In his “unfinished diary,” which covers the 2 1/2 years he spent in Aceh, Di Tiro recounts his adventures living among the monkeys, fleeing from soldiers, avoiding snakes and spiders and listening to his favorite cassettes of Bach and Vivaldi.

When soldiers attacked his camp, he was grazed on the leg by a bullet. When supplies were cut off, he went for days without food. But much of the time, leading the revolution consisted of sitting in the jungle and pounding out nationalist propaganda on his typewriter.

“We have not been born to be anybody’s slaves,” he wrote. “We want to live as free men or not to live at all.”


The man who would be sultan revealed he has no small ego. He compared his return to Aceh with Caesar crossing the Rubicon and likened himself to Prometheus, the Greek god who gave fire to humans and was punished for eternity. The title he values most, he said, is Wali Negara -- Guardian of the State.

By 1979, Di Tiro had organized a nationalist movement, created a shadow government and appointed rebel governors for much of the province. But he was slow to get guns, and his rebellion lacked international support. He left Aceh to find both.

Di Tiro moved to Sweden, which offered asylum to a small group of Acehnese refugees, and became a Swedish citizen in 1985.

The decision to accept help from Libya did not win the movement any foreign friends. But by 1989, the success of the newly trained rebel army prompted President Suharto, Indonesia’s military ruler, to mount a ruthless campaign that lasted until he stepped down nearly a decade later.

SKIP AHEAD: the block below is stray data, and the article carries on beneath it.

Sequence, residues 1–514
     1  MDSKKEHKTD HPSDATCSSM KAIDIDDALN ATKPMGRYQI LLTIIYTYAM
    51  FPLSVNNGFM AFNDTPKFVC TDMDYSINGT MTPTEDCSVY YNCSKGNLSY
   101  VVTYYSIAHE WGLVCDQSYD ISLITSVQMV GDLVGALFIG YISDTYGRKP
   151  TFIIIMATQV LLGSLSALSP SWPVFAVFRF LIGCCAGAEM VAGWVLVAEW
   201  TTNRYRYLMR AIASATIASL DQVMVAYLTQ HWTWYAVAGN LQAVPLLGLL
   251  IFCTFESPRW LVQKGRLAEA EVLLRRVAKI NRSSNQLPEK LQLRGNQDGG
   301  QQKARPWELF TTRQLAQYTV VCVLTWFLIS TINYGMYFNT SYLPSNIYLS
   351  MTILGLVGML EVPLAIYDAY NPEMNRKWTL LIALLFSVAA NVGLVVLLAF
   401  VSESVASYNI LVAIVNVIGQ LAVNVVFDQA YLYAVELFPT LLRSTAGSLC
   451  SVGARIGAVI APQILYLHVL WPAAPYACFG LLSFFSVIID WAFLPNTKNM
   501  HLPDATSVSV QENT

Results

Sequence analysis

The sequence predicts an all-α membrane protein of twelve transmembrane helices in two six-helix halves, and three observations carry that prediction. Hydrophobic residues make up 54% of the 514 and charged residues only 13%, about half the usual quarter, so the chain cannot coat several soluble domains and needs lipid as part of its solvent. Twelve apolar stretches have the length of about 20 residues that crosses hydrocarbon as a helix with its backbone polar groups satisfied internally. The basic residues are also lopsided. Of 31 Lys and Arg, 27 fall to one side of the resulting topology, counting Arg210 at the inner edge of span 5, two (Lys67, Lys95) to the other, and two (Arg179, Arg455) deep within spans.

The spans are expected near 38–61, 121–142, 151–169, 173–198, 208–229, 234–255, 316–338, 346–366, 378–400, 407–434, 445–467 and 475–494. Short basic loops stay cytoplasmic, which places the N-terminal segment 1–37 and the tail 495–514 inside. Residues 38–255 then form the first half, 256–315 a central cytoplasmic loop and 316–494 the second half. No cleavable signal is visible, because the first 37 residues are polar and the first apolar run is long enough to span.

After Suharto’s fall, many Acehnese hoped Indonesia would collapse and the province would gain independence, but the government insists it will not allow the country to break up.

Support for the rebels is strongest in Aceh’s countryside, where some families have passed down a tradition of resistance from generation to generation.


“The people of Aceh want Hasan di Tiro to be the leader of Aceh,” a man in one village said. “We know him from the history.” Di Tiro’s followers are not concerned that he lives in prosperous Sweden. “He is the leader of Aceh,” said a man in another village. “He is the hero of Aceh.”

Mahmud says the rebels are prepared to fight indefinitely, but if a fair election was held on the question of independence, the Free Aceh Movement would end the war whatever the outcome.

Like many Acehnese, Mahmud says he is following his family’s destiny. “My great-grandfather was close to the sultan,” he says. “We have always preserved that reputation, that honor.”

Today Mahmud guides the liberation movement, taking a steady barrage of telephone calls from journalists and an occasional message from a commander in the field. In between, he helps the Tengku finish his thoughts. “We miss Aceh. We miss our people. We wish to be together with them,” he says as Di Tiro nods in agreement.

“Our heart is with our people.” The Guardian of the State nods again.